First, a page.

This is a collection of elementary algorithms (lists, sorts, trees, etc..), written in Java. Most of these algorithms are written as Java generics (implementing the Comparable interface/class). They all include simple unit tests.
A number of these algorithms were written as solutions for problems in Cracking the Coding Interview: 150 Programming Questions and Solutions by Gayle Laakmann McDowell (2013). Even if you're a very experienced software engineer (which I am) I highly recommend Ms. McDowell's book. I should have read it much earlier than I did.
I was (or am, depending on when you read this) in graduate school, in the University of Washington's Computational Finance and Risk Management Masters program, while working full time from (June 2011 to December 2013).Between work and school there was not much time to do anything else. However, near the end of grad school, in June 2013, during a ten day break between Quantitative Risk Management and Monte Carlo Methods in Finance, I wrote the code that is published here to practice for interviews.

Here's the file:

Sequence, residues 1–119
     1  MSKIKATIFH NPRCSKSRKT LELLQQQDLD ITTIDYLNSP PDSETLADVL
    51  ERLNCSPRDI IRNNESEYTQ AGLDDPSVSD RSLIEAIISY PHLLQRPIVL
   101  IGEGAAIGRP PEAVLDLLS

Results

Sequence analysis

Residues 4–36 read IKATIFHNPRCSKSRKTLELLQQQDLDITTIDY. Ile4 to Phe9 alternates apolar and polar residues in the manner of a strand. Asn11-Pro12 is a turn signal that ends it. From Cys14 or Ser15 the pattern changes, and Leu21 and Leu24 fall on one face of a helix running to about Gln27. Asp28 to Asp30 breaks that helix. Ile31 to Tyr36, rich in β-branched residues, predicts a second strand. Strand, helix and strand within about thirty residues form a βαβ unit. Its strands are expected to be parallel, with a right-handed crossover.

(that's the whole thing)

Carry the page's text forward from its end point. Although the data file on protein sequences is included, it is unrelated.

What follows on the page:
With the exception of the String algorithms, all of the algorithms are generic. The generic file based merge sort code will sort serialized Java objects. This code might actually be useful, although it is probably already in one of the Java class repositories (e.g., Apache).
All of the major function have JUnit tests that go along with them.
When it comes to practicing for interviews, this didn't turn out to be that useful. I forget these algorithms a month or so after I write them.
Rather than spend time writing largely trivial algorithms (with the exception of merge sort), I'd rather spend my time writing software that I care about (for example, I'm working on a multi-threaded market order matching engine).
You can download the code as a .tar file by clicking here.
You can browse the Doxygen formatted documentation and code here.
Ian Kaplan, June 2013
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